a quick review Thomas Ward was born in 1853, began working at the age of 15, worked as a coal merchant, and then as a scrap metal dealer in Sheffield when the opportunity arose. There was a high demand for scrap metal in the early 1870s. There were many large engineering ventures, and Thomas Ward gained a reputation for removing large structures, such as ships. He founded breaker yards in ports across the country and grew to become the country’s largest scrap dealer, dismantling old warships and decommissioned luxury liners. The Majestic, the Titanic’s sister ship, was broken up at his Morecambe yard, as was the Olympic, which was eventually towed to Inverkeithing.
In 1894, Sheffield’s Thomas Ward Ltd opened a ship dismantling department, and it quickly became the largest scrap metal supplier to the growing steel industry. Anything on board a ship was dismantled and resold, with productivity as the central theme. At the Sheffield showroom, ship fittings and equipment were sold. Books, lamps, toilets, and carpets were all removed from the premises. Even the timber was said to have been used to make garden furniture timber merchants surrey. Thomas Ward was actively involved in wartime operations during the First World War. Due to a lack of horses sent to the Front, Ward rented an elephant (along with a man to look after it) from a circus in 1916.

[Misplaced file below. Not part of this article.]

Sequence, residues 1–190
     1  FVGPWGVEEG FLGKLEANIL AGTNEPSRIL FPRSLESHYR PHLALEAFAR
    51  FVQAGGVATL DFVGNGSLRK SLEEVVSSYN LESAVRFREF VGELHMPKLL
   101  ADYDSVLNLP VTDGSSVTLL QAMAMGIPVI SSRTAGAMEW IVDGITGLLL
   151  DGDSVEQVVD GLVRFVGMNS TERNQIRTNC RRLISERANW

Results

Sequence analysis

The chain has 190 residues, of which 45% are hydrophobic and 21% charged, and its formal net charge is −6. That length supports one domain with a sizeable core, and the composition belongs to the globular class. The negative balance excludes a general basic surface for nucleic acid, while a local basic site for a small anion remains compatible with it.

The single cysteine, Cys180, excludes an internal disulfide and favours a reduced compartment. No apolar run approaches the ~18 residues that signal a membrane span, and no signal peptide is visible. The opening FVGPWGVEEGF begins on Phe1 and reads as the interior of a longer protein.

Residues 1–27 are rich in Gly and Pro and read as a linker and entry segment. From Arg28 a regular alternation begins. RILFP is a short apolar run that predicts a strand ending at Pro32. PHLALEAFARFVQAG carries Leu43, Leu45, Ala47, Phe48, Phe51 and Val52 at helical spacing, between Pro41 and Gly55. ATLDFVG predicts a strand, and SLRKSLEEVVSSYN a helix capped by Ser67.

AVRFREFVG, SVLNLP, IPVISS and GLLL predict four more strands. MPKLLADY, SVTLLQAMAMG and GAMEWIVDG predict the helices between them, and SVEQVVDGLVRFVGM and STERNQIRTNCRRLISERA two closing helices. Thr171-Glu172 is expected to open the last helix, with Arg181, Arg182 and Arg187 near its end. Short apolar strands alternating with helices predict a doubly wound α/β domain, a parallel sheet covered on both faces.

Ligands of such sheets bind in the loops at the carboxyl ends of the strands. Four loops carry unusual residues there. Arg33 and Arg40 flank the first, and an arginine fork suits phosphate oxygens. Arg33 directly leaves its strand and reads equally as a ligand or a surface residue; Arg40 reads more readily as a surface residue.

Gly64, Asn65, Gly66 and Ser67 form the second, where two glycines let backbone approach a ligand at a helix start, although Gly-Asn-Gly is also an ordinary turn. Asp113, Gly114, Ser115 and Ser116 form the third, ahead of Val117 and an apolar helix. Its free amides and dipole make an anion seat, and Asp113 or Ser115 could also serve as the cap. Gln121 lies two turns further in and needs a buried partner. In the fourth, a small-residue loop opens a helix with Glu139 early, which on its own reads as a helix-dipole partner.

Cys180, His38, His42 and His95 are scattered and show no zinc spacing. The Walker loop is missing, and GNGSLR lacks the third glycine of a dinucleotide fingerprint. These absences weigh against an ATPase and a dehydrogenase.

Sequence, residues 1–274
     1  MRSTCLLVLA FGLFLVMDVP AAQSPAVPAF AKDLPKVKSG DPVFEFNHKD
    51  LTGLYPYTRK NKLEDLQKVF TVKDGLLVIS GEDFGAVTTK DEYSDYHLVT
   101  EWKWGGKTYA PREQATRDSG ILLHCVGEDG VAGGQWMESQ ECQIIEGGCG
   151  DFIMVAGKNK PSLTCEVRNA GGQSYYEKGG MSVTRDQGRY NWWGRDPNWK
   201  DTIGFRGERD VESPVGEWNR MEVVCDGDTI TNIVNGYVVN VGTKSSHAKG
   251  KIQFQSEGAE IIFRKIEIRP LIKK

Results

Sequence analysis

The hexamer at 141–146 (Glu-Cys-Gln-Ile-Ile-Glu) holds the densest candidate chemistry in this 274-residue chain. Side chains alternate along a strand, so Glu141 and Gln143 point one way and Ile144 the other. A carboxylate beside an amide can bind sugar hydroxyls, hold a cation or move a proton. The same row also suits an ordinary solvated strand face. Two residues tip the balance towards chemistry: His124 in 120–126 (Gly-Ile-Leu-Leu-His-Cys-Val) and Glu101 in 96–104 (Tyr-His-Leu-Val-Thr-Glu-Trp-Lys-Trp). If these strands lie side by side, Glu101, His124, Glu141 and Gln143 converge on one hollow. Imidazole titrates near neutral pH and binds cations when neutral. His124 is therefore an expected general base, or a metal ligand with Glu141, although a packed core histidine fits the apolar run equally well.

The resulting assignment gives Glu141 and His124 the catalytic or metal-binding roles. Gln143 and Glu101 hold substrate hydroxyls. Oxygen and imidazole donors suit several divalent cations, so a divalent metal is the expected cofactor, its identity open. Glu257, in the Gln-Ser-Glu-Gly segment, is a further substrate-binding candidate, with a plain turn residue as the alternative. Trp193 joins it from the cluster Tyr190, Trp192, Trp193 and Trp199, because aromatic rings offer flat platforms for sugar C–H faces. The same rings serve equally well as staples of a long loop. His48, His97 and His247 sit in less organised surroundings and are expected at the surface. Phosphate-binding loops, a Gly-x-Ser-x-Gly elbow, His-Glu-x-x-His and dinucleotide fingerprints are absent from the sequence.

For the duration of the war, circuses had been shut down. The company kept the elephant for a few years, keeping her in a stable near the factory and using her to transport large loads of steel across Sheffield. Lizzie was the elephant’s name, and the documents are full of stories about her, including her eating a schoolboy’s hat, placing her trunk through a kitchen window to support herself, and pushing a traction engine over. Until the early 1980s, the company was in operation.
Despite Covid-19 restrictions, a wave of momentum that enabled builders’ merchants Travis Perkins to thrive in the second half of last year has continued into 2021. In the first three months of the year, the company’s like-for-like revenues increased by 17.4 percent, boosted by 42 percent growth at Toolstation.